The second workout I recommend for people who are hiking for weight loss is interval training, especially HIIT. The most amazing thing about HIIT is that it produces an “afterburn” affect that revs your metabolism for up to a day afterward! You can read more about it in my post, 8 proven benefits of interval training for hikers. HIIT workouts are also short and easy to squeeze into busy days!
4. It’s fine to eat whatever you want after a big hike.
Do you crave a burger and fries after an epic day on trail? That’s only natural! It’s just your body’s way of asking for iron, carbs, salt, and protein. These are all good things to replenish.
When I was younger (up through my 30s), I would eat practically anything on a hike day and wash it down with a beer. However, as I’ve headed into my 40s, I find that my body has a lot less tolerance for junk food.
Also, the typical woman hiker burns about 2,000 calories on a day hike. While that sounds like a lot, a big restaurant meal and a few pints of beer will put almost all of those calories back in. This is especially true if you use your hike as an excuse to eat with abandon all day long.
So now if I feast after the hike, I don’t deny myself a treat, but I also try to focus on moderation and health. For example, I’ll cut the burger in half and take some home. And if I find myself ravenously hungry (which happens), I’ll try to make up the balance with healthy, whole food.
5. Hikers should eat a low-carb diet.
Low carb diets like paleo and keto are all the rage right now in both the outdoor and weight loss communities. And cutting carbs makes sense if weight loss is your primary goal.
However, if you’re training several days a week for a goal hike or climb, you are an endurance athlete. And in this scenario, you need plenty of healthy carbs for fuel.
Are there keto athletes out there? Absolutely. And if that’s working for you, that’s awesome. I don’t suggest you stop.
However, if you’re new to sports nutrition and wondering which way to go, the research is pretty overwhelming. When endurance athletes on high-carb and high-fat diets go head to head in controlled studies, high-carb wins almost every time.
High-carb diets are also a lot easier to stick to for most busy athletes.
So if you’re in training, eat like a marathoner (or a mountaineer) and add plenty of fruits, legumes, and healthy whole grains to your diet.
6. Eating the perfect clean/keto/paleo diet is the fastest path to weight loss.
Diets are a big deal in the outdoor sports community. Everyone is keto, paleo, gluten-free, clean, eliminating sugar, intermittent fasting, or carb cycling. Just the terminology alone can make your head spin!
If any of these approaches appeals to you, there’s no harm in trying it. And if you’re doing it already and it’s working for you, that’s awesome! I don’t suggest you stop.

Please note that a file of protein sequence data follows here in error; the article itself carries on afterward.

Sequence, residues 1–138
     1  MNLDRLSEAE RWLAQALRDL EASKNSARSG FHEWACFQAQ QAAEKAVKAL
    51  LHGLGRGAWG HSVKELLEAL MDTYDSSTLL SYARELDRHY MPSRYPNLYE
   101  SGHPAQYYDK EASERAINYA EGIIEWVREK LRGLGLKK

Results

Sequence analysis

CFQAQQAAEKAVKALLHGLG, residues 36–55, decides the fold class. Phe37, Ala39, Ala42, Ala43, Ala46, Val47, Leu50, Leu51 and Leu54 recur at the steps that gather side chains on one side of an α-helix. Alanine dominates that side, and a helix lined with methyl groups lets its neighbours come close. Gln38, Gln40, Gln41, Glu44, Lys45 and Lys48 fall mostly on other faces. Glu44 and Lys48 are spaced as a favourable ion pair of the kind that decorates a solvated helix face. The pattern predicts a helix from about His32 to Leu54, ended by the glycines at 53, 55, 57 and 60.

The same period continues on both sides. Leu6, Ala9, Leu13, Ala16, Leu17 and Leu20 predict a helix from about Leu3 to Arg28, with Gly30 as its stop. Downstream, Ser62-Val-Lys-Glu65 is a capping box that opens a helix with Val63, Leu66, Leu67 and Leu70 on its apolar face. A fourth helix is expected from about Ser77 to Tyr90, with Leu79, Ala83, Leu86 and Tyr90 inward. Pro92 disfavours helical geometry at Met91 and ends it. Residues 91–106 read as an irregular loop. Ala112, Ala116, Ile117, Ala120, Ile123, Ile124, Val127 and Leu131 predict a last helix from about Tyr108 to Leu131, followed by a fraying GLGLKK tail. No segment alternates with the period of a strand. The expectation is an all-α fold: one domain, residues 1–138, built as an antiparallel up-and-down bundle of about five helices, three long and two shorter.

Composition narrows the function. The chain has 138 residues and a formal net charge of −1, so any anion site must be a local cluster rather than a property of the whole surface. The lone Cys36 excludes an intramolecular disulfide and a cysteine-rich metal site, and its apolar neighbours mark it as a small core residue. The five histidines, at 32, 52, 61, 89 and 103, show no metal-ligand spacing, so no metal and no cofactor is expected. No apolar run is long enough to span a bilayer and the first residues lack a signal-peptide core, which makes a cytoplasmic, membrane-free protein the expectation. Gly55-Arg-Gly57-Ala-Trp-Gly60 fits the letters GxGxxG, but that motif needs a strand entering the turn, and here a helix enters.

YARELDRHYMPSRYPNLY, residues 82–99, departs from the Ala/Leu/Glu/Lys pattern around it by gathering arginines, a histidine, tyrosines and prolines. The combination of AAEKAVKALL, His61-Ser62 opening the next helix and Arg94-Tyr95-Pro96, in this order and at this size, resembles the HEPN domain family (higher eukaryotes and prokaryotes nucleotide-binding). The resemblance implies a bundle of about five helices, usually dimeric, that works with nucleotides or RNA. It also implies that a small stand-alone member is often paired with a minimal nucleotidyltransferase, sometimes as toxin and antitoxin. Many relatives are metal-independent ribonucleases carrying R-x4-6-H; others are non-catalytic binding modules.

However, while you can learn a lot from diets, they aren’t a magic bullet. In fact, most strict dieters (over 90 percent) can’t maintain their weight loss long term.
It’s important to avoid falling into a cycle of dieting, weight loss, and weight gain, because this can impact your metabolism and make it harder to lose weight down the road.
The science suggests that the best approach to weight loss is to focus on healthy, weight-agnostic behaviors. These include eating more fruits and vegetables, getting at least half your daily carbs from whole grains, following hunger cues, and limiting processed foods to one meal a day.
7. Hiking is dangerous for overweight people.
Exercise (including hiking) is generally safe for almost everyone and for people of all sizes. In fact, the risks associated with a sedentary lifestyle far outweigh the risks of exercising.
In very rare cases, exercise can lead to serious cardiovascular events such as stroke, heart attack and death. Participating in very high intensity exercise like HIIT or lifting heavy weights increases this risk, though the overall risk is still quite low.
People with risk factors for cardiovascular disease and chronic heath conditions should consult their healthcare provider before beginning a new exercise program. This is true regardless of your body size! In almost all cases, you will still be able to hike and train with a few adaptations to your program.
Many plus-size hikers worry about wear and tear on their joints. This is actually something that all hikers (and especially backpackers and trail runners) should pay attention to!
Some tips for promoting joint health:
- Use hiking poles to protect your knees.
- Don’t neglect strength and functional training.
- Correct muscle imbalances that could affect your posture and body mechanics.
- Make some of your weekly cardio workouts low-impact cross training like cycling, yoga, or elliptical training.
- Stretch all of your major muscle groups after each workout.
So there you have ’em. 7 icky myths about hiking for weight loss that you can bless and release for good!
I hope that letting these bad boys go helps you to feel freer and more confident in your body. Happy training!
Originally published June 28, 2019.